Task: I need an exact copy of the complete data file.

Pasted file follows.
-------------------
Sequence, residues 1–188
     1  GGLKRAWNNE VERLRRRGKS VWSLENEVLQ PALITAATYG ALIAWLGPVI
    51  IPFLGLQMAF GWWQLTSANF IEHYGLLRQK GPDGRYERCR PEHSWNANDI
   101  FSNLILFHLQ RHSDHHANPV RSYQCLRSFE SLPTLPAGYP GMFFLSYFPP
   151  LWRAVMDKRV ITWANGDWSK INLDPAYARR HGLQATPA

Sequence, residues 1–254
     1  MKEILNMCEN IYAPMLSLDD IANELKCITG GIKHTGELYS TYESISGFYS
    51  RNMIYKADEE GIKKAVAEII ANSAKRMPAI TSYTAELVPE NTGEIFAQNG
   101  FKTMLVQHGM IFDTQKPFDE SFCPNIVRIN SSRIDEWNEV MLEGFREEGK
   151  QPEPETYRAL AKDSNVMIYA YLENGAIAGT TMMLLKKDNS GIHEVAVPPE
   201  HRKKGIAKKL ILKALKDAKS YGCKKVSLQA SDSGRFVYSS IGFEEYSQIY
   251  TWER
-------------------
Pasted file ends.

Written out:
Sequence, residues 1–188
     1  GGLKRAWNNE VERLRRRGKS VWSLENEVLQ PALITAATYG ALIAWLGPVI
    51  IPFLGLQMAF GWWQLTSANF IEHYGLLRQK GPDGRYERCR PEHSWNANDI
   101  FSNLILFHLQ RHSDHHANPV RSYQCLRSFE SLPTLPAGYP GMFFLSYFPP
   151  LWRAVMDKRV ITWANGDWSK INLDPAYARR HGLQATPA

Sequence, residues 1–254
     1  MKEILNMCEN IYAPMLSLDD IANELKCITG GIKHTGELYS TYESISGFYS
    51  RNMIYKADEE GIKKAVAEII ANSAKRMPAI TSYTAELVPE NTGEIFAQNG
   101  FKTMLVQHGM IFDTQKPFDE SFCPNIVRIN SSRIDEWNEV MLEGFREEGK
   151  QPEPETYRAL AKDSNVMIYA YLENGAIAGT TMMLLKKDNS GIHEVAVPPE
   201  HRKKGIAKKL ILKALKDAKS YGCKKVSLQA SDSGRFVYSS IGFEEYSQIY
   251  TWER